Near the end of October 1941, a few hundred soldiers from New Brunswick were among the 1,975 Canadian troops who set sail from Vancouver to reinforce the British Colony of Hong Kong. Within two short months, after a hard-fought but disastrous battle against the Imperial Japanese Army, the island fell to the invaders on Christmas Day, and its defenders were ordered to surrender by the governor of Hong Kong. The survivors were taken captive.
Based on the first-hand accounts of the author's father, Andrew "Ando" Flanagan, a rifleman from Jacquet River, NB, The Endless Battle explores the Battle of Hong Kong and its long aftermath, through the eyes of the soldiers. During their captivity, the POWs endured starvation, forced labour, and brutal beatings. They lived in deplorable conditions and many died from illness. But the soldiers stuck together, bound by their cameraderie, loyalty to King and Country, and collective desire to sabotage the Japanese war effort.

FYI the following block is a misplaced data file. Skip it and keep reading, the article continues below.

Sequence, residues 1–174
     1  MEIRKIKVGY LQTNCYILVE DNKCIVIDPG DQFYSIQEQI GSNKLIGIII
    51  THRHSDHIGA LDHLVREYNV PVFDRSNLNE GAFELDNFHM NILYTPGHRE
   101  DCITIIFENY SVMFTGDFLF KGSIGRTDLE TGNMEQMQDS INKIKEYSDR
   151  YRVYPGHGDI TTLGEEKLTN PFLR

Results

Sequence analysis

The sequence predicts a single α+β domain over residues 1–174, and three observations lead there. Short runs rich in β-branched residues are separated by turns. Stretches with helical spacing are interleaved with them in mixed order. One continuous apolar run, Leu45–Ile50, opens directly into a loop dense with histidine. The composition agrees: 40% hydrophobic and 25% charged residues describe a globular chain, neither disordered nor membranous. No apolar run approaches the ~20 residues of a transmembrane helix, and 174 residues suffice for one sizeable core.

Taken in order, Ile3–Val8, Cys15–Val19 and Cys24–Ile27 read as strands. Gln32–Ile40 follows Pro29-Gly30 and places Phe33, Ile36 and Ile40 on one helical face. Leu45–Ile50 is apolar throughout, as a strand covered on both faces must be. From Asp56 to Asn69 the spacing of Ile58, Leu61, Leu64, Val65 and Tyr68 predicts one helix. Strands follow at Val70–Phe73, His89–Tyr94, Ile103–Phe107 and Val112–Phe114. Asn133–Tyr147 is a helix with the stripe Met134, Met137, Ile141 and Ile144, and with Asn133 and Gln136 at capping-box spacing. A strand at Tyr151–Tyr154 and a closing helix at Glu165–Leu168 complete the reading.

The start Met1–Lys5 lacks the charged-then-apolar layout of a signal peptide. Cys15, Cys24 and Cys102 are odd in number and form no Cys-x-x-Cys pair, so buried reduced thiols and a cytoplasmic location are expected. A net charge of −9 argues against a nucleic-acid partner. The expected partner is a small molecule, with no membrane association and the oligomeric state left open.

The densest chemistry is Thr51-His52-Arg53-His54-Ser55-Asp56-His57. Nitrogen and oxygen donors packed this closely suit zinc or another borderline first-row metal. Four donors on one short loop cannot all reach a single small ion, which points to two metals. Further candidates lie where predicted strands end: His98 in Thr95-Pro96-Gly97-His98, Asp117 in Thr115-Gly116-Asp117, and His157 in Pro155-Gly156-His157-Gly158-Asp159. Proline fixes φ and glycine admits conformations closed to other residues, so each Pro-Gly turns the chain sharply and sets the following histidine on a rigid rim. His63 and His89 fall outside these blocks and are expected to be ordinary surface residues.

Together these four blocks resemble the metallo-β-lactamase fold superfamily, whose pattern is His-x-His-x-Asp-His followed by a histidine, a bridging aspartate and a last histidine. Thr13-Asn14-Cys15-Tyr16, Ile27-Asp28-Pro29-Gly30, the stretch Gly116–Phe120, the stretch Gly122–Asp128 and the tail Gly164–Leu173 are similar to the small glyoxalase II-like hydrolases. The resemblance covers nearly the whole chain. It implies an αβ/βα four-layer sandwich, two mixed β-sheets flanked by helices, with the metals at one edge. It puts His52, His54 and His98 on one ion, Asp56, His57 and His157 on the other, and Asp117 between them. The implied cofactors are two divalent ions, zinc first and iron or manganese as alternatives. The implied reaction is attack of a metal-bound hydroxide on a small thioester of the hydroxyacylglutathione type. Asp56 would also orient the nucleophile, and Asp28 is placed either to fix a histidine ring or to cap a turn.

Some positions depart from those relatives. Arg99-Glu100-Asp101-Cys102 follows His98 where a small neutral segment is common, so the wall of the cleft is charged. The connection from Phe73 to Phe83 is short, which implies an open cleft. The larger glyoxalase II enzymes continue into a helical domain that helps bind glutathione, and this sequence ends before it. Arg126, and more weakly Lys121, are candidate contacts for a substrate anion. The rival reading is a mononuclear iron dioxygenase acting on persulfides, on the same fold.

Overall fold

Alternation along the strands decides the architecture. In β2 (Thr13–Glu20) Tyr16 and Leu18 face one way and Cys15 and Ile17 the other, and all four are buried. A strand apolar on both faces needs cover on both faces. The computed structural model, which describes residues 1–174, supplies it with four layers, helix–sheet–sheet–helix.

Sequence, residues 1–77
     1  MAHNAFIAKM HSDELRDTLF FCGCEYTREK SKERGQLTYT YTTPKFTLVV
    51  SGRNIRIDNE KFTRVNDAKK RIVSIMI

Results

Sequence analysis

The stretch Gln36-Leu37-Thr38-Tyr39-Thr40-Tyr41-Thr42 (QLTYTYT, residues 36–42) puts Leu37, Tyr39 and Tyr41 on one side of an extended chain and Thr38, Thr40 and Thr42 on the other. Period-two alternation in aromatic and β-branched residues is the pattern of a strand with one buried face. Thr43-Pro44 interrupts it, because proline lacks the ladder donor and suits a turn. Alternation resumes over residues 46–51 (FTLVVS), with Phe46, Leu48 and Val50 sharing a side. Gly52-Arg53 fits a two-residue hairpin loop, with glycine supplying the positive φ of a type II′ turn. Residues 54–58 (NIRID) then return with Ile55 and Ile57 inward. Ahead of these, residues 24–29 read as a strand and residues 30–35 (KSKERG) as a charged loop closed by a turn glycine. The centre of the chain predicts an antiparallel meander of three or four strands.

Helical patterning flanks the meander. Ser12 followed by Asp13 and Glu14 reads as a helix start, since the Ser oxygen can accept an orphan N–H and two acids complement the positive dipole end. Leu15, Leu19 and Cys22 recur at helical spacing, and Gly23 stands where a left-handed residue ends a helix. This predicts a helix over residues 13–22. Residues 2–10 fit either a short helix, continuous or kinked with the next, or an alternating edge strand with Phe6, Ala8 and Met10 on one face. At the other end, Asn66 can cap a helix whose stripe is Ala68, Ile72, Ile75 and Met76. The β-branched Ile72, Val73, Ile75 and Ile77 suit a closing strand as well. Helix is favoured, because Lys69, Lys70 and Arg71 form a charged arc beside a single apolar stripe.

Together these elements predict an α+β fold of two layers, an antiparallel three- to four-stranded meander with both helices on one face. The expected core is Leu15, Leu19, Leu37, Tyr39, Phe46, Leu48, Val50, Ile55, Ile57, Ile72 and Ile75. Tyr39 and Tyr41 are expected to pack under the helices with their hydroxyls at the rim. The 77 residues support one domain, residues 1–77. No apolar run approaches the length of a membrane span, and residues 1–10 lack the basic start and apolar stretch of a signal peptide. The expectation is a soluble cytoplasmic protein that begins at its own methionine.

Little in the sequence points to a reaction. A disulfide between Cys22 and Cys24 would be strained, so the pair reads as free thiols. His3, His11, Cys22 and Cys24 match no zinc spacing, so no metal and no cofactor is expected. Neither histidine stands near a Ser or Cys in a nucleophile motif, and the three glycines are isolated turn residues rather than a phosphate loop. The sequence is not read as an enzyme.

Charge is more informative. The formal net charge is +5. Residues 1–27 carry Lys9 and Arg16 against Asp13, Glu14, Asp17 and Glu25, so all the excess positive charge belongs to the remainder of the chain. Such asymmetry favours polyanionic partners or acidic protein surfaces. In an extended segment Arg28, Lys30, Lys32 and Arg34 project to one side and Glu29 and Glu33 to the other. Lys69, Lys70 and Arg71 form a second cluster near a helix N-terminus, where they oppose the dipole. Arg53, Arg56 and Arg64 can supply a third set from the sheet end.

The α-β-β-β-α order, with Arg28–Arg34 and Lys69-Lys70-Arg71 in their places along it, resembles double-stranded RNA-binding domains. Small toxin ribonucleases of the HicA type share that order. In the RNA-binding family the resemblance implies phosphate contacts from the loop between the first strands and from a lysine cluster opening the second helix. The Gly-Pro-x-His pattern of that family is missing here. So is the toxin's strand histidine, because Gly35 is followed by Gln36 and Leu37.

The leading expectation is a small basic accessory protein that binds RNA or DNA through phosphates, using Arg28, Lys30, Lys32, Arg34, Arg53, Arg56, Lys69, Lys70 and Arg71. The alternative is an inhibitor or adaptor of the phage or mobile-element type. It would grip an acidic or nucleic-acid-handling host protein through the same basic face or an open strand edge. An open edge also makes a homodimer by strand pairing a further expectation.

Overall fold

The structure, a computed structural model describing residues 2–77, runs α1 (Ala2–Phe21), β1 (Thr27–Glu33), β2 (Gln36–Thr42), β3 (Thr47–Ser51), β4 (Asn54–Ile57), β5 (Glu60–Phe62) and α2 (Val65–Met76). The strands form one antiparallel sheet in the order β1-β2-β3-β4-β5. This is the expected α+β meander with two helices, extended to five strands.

Writing intimitely and sensitively about the lingering effects of the trauma of the soldiers held in captivity, Andy Flanagan shows both the heroism of individual soldiers and the terrible costs of war.